The Shadow Minister for Agriculture has used a visit to Cloncurry to call for more action from the government around the details of its $2b North West Queensland flood recovery package.
Joel Fitzgibbon was in town to meet with North West Queensland mayors, councillors and and also took an aerial tour to meet producers affected by the recent devastating floods.
Speaking just two months out from a likely election date, Mr Fitzgibbon said Labor wanted a bipartisan approach to the problem.
"We again expressed a determination to work with the Morrison Government in the hope of delivering effective recovery assistance in a timely manner," Mr Fitzgibbon said.
"Producers expressed frustration that five weeks after the disastrous flood event, meaningful Federal Government support has not been forthcoming."
Mr Fitzgibbon said that councils and producers he spoke to were appreciative of the measures that have already been taken, but the councils needed more help and producers needed support to re-stock.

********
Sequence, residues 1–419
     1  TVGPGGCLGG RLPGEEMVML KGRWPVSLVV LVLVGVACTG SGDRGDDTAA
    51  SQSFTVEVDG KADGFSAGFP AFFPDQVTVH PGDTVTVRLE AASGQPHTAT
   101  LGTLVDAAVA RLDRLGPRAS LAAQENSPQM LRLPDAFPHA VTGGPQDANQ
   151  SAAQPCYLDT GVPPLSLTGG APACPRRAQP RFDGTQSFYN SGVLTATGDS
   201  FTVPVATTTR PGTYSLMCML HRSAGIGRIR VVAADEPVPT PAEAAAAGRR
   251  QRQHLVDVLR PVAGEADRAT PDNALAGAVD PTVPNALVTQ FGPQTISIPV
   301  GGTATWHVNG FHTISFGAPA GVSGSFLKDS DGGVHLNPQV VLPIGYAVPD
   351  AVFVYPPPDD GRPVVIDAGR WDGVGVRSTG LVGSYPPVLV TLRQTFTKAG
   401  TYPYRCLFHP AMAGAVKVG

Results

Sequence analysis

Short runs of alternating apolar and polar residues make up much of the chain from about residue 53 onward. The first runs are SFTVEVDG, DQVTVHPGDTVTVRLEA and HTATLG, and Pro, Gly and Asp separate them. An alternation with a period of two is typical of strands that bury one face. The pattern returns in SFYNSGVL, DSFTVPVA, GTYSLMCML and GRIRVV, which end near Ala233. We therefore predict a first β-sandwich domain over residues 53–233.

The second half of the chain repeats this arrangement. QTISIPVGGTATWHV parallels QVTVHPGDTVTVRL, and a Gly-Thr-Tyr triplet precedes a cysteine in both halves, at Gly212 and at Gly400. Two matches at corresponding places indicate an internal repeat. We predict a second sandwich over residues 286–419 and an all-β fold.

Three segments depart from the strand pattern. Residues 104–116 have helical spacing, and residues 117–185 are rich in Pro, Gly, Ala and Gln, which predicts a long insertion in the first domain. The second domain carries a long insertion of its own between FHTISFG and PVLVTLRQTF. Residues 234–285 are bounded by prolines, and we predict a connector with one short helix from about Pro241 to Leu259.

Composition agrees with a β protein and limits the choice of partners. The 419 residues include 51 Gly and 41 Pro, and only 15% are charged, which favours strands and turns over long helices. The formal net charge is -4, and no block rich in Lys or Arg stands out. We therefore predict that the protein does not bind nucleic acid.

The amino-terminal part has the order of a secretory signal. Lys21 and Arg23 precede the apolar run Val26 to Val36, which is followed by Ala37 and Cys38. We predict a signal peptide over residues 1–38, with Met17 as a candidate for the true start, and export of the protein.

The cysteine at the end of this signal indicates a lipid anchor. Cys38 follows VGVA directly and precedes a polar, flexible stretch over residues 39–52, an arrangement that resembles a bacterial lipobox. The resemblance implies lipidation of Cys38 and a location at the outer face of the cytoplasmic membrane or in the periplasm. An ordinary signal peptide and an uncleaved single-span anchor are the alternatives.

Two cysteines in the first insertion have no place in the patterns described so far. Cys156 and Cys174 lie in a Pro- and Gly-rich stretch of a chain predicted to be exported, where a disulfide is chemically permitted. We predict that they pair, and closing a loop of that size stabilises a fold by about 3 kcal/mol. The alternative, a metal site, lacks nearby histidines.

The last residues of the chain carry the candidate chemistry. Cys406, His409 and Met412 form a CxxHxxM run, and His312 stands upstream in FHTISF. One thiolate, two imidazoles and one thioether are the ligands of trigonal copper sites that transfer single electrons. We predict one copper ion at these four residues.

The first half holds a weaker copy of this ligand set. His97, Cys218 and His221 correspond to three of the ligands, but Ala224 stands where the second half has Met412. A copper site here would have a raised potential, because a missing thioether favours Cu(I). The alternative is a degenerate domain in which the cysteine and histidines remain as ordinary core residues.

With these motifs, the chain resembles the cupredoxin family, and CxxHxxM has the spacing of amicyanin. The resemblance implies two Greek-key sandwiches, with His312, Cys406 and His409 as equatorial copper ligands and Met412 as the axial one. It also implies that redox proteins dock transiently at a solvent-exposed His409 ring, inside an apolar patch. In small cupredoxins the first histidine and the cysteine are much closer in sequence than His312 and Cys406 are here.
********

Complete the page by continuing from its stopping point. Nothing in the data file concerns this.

"Producers told us the best thing a government can do is to help them re-build their herds," he said.
"It’s been two weeks since the Prime Minister announced that a $2 billion package was on its way but producers have been given no detail and they are still waiting."
Mr Fiizgibbon said the producers told him the uncertainty was demoralising.
"The clock is ticking, re-stocking assistance is needed and it’s needed now," he said.
"Cattle producers affected by flood are still in drought, it’s a cruel irony. Talk must turn to action."
Prime Minister Scott Morrison announced the $2b package on March 1 establishing the North Queensland Livestock Industry Recovery Agency to develop a long term plan to help rebuild the industry, including new programs that will provide access to seed funding to rebuild on-farm infrastructure and restock herds.
"The Agency will design, coordinate and deliver the long term plan for reconstructing the industry," Mr Morrison said. "It will assist in the design of programs to help with seed funding for fixing on-farm infrastructure like fences and water infrastructure and for restocking."
But Mr Fitzgibbon said the government knew what needed to be done now.
"I don't know why they don't just get on with it," he said.
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